New board members for the Mancos School District got a lesson in governing Monday before assuming their posts.
Colorado Association of School Board officials Randy Black opened a school board workshop Monday, Nov. 18, telling those in power that the average citizen has a less than stellar opinion and understanding of the governing body and its roles. He challenged the board to be great at governing.
"A school board should govern, and accept their own responsibility for student achievement," Black said. "You can't put all the weight on the teachers, principals and superintendent."
Sworn into office on Monday were Blake Mitchell and Bo Hawkins. Both men and their families are products of the Mancos School District, and each have family experience to draw from. Mitchell's father and Hawkins' grand-father previously served on the school board.
"I think I can make a difference," said Hawkins, a heavy machine mechanic with two children currently enrolled in the district.
"I want to help get the kids better educated," said Mitchell, owner of a used auto dealership with two adult children.
Blake reminded the new board that they have one of the toughest jobs in the country, because every taxpayer and parent have individual, specialized needs and passions for education. He said the key to unraveling the puzzle is through honest dialogue and engagement with their constituents.
"Great teams have high standards of excellence," Blake said.
To have a greater impact in the community, Black suggested the board first identify its core values and goals.
He urged the board to set "wild, important goals."
"Throw big rock priorities into your bucket," he proclaimed. "If you don't, then small rocks will get in the way."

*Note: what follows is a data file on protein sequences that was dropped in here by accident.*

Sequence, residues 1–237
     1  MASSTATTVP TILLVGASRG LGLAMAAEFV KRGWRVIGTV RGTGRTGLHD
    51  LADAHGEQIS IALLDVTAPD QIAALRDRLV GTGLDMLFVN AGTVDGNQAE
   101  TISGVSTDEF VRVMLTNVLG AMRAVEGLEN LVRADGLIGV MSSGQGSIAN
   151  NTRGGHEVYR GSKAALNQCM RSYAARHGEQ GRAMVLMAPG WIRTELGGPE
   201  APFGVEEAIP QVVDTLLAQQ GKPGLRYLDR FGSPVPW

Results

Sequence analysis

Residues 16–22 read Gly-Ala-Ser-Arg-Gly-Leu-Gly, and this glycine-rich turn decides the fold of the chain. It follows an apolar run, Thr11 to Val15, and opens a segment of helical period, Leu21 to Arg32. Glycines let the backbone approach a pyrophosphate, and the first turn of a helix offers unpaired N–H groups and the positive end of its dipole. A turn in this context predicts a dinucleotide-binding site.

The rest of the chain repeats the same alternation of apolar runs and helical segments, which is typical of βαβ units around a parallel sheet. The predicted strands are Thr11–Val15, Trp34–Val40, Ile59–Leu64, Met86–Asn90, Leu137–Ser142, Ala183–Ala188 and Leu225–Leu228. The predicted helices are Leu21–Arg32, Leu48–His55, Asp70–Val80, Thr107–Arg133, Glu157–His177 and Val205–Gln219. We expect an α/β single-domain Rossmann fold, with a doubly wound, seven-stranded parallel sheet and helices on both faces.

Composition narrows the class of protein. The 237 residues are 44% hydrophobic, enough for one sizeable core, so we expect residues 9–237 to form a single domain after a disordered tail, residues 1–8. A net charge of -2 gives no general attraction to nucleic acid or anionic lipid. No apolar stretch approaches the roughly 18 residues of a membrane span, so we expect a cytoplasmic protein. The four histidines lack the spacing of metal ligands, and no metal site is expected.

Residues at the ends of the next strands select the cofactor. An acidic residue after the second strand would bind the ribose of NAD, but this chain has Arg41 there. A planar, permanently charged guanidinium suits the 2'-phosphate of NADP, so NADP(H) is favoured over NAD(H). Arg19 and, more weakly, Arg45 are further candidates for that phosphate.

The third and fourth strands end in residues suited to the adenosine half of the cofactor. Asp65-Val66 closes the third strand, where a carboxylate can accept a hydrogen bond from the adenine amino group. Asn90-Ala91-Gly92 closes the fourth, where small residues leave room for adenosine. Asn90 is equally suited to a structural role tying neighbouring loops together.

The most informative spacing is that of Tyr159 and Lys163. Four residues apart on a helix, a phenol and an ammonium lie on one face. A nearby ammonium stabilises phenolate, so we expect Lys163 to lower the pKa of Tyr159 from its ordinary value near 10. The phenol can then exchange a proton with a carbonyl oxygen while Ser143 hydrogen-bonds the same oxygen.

Starting with core values, Black said the board should employ behavioral norms to reach defined goals. That alignment, he said, would enable the board to accomplish their mission and ultimately reach their vision. The process leads to greater results, he said.
"You have to live a leadership life to prove that you know what you're doing," Blake said. "Choose a mature path, and have clear steps to know where you are going."
Mancos School superintendent Brian Hanson indicated the hour-long workshop was beneficial, citing changes needed to be implemented in setting the board's agenda.
"We have to have more meaningful conversations," Hanson said.
Blake concluded his remarks informing the new board they were the closest example of democracy for their students, daring them to do the best they could for those students.
"You have to see long, far and from a different perspective," Blake said.
At Monday's regular meeting, Mitchell was tapped as the board's new treasurer, and Hawkins was elected to serve as secretary. The new board also tapped Wesley Rivera to serve as vice-president, and Monty Guiles was reappointed as the board's president.